About suffering they were never wrong,
The old Masters: how well they understood
Its human position: how it takes place
While someone else is eating or opening a window or just walking dully along;
How, when the aged are reverently, passionately waiting
For the miraculous birth, there always must be
Children who did not specially want it to happen, skating
On a pond at the edge of the wood:
They never forgot
That even the dreadful martyrdom must run its course
Anyhow in a corner, some untidy spot
Where the dogs go on with their doggy life and the torturer’s horse
Scratches its innocent behind on a tree.
In Breughel’s Icarus, for instance: how everything turns away
Quite leisurely from the disaster; the ploughman may
Have heard the splash, the forsaken cry,
But for him it was not an important failure; the sun shone
As it had to on the white legs disappearing into the green
Water, and the expensive delicate ship that must have seen
Something amazing, a boy falling out of the sky,
Had somewhere to get to and sailed calmly on.
— W. H. Auden, Musee des Beaux Arts
The big things happen around us, things that are planet-changing, culture-changing, life-changing, yet most people go about their business in the most human of ways—intently focused on themselves. Walk into any scene playing out around us and chances are the actors are engaged in the mundane while largely ignoring the monumental. Wars, political scandals, climate change, images from deep space…. all are monumental but don’t quite make the cut when compared to that itchy nose or debate over what’s for dinner or who is taking the recycling out.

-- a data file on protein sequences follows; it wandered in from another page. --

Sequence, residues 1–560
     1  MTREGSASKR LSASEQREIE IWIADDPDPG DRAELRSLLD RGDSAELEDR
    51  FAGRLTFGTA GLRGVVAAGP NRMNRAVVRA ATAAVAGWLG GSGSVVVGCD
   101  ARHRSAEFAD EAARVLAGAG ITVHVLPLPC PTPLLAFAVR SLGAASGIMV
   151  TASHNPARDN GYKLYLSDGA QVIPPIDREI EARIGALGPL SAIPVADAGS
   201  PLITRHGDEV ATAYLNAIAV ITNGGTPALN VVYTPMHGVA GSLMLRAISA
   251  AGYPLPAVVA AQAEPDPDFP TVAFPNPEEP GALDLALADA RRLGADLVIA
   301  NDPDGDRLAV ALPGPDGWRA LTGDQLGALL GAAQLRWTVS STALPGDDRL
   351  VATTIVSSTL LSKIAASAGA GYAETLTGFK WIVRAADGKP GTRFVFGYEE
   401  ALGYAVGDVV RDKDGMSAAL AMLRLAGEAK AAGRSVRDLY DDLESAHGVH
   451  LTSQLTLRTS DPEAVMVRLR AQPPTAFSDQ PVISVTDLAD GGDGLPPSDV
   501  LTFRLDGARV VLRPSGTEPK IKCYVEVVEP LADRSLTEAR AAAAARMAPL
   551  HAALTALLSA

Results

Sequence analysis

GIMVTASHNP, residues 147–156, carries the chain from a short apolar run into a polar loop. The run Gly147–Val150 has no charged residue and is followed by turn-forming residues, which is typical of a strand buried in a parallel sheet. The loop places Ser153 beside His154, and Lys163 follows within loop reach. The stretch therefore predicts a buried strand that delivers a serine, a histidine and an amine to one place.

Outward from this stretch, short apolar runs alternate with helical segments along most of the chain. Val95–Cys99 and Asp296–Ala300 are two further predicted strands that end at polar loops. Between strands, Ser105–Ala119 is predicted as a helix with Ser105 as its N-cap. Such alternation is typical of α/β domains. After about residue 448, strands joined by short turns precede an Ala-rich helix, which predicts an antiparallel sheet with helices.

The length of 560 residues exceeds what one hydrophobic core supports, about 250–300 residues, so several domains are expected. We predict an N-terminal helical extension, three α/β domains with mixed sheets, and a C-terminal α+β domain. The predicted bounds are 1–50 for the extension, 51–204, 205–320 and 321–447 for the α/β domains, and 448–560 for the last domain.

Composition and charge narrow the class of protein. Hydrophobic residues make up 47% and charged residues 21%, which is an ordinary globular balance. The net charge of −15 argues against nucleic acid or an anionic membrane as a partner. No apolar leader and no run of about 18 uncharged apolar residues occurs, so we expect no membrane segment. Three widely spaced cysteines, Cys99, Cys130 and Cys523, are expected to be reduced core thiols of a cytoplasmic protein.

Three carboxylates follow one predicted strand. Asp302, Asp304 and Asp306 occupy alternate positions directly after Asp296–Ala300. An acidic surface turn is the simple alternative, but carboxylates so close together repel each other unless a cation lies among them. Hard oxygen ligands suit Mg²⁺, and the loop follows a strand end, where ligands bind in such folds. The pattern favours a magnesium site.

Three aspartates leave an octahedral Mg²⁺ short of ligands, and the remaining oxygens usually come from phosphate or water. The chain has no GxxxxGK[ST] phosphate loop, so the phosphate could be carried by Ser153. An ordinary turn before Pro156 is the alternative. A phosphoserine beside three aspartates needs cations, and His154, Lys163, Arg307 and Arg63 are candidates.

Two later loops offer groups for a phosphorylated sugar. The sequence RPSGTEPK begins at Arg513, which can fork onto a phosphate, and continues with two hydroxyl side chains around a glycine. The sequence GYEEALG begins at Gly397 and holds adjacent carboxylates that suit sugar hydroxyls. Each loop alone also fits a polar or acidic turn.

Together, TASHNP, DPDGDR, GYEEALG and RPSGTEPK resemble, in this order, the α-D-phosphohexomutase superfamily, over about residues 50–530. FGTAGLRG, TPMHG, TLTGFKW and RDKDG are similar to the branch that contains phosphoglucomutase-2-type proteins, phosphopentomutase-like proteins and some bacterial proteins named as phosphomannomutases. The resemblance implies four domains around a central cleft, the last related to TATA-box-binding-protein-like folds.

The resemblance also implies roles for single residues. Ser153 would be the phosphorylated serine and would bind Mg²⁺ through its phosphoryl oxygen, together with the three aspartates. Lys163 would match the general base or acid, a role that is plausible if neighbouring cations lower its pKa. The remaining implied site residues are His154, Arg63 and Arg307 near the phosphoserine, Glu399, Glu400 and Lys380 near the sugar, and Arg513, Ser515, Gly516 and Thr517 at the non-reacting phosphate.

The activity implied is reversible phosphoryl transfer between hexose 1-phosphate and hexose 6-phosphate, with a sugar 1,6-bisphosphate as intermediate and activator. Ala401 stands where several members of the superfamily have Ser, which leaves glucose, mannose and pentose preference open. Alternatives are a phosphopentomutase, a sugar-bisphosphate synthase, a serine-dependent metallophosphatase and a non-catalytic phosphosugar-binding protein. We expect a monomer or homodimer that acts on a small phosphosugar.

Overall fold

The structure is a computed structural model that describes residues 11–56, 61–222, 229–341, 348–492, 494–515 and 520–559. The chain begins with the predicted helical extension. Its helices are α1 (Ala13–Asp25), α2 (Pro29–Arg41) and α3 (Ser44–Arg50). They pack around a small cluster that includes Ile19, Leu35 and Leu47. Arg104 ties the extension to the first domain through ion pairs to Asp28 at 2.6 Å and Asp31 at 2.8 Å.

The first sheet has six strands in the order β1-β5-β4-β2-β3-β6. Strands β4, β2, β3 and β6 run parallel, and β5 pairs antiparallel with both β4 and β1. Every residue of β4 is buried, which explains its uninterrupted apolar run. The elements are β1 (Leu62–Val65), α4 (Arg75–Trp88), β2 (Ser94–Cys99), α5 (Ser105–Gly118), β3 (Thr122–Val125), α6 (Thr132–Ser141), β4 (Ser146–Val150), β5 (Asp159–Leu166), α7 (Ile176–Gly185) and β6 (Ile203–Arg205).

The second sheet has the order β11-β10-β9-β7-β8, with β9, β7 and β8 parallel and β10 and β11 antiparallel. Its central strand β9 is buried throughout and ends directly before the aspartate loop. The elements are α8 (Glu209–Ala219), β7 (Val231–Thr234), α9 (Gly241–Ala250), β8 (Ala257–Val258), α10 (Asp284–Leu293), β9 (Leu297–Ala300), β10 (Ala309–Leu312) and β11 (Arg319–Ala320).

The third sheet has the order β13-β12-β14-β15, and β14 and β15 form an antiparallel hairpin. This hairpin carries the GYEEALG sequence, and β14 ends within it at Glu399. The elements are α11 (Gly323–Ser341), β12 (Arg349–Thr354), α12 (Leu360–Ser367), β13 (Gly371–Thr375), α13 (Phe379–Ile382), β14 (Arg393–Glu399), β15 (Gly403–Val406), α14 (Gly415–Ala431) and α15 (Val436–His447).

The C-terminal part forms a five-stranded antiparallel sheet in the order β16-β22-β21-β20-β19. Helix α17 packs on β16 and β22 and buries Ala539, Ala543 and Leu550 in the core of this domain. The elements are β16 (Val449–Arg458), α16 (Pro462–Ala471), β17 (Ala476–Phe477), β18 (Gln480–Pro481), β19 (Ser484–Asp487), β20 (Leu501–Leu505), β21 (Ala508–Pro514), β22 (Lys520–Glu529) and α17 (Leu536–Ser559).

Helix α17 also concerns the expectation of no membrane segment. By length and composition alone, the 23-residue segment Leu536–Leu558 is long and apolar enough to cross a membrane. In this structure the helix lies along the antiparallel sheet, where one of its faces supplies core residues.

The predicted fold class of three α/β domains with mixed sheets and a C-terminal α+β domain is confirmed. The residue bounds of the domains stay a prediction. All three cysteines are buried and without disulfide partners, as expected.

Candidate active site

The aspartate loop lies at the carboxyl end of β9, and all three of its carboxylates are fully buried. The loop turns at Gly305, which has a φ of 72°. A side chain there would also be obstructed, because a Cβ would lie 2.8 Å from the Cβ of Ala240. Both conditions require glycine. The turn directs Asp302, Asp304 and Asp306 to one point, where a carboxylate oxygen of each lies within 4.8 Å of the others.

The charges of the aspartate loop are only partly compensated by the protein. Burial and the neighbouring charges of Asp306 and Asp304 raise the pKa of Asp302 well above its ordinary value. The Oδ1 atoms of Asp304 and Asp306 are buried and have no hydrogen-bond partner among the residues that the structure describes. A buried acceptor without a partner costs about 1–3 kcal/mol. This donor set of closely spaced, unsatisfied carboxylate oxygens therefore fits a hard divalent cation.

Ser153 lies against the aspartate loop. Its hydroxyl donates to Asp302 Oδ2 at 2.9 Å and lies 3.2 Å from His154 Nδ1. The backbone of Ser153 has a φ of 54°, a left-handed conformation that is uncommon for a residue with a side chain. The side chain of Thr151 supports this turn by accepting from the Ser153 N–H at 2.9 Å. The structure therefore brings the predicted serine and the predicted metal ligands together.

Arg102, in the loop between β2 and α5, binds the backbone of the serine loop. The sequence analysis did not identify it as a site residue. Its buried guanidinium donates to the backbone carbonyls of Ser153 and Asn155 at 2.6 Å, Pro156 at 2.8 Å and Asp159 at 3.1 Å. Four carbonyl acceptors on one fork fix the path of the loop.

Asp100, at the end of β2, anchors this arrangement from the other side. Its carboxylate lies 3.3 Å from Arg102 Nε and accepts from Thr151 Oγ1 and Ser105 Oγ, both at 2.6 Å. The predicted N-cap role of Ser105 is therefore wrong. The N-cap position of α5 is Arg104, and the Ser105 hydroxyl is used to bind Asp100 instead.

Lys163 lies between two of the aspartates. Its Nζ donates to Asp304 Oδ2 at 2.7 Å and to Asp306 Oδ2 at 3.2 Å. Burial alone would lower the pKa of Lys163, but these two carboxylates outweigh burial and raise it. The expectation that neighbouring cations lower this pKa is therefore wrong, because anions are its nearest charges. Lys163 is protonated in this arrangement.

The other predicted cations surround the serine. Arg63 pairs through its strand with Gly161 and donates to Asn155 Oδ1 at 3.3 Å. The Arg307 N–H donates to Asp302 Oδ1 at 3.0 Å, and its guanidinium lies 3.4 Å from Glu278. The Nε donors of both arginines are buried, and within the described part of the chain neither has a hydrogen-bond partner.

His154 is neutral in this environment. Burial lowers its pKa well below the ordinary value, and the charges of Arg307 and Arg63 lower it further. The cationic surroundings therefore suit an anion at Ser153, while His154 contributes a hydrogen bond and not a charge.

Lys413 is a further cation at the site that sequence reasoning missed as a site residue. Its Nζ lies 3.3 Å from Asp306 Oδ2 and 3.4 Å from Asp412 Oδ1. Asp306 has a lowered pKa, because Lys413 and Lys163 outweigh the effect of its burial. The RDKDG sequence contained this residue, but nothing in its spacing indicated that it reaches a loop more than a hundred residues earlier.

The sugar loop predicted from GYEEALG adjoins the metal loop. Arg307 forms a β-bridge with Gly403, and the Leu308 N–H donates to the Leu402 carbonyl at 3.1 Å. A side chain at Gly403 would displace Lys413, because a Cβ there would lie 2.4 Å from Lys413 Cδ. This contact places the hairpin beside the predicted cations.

It’s this we must understand in our attempts to influence and cajole the apathetic. It’s not about us, it always must be about them. To inspire, stir or instigate the story necessarily must reach into the souls of each member of the audience. Storytelling, selling, pandering for votes—each is a form of engaging the audience and making them feel the story is all about them. For even if it feels like it’s about something much larger, it never really is. It’s always been, and forever will be, how might I stir something in you?
And even then, someone else will be walking past oblivious to the two of us. No matter, for we can’t reach everyone. We just have to reach enough.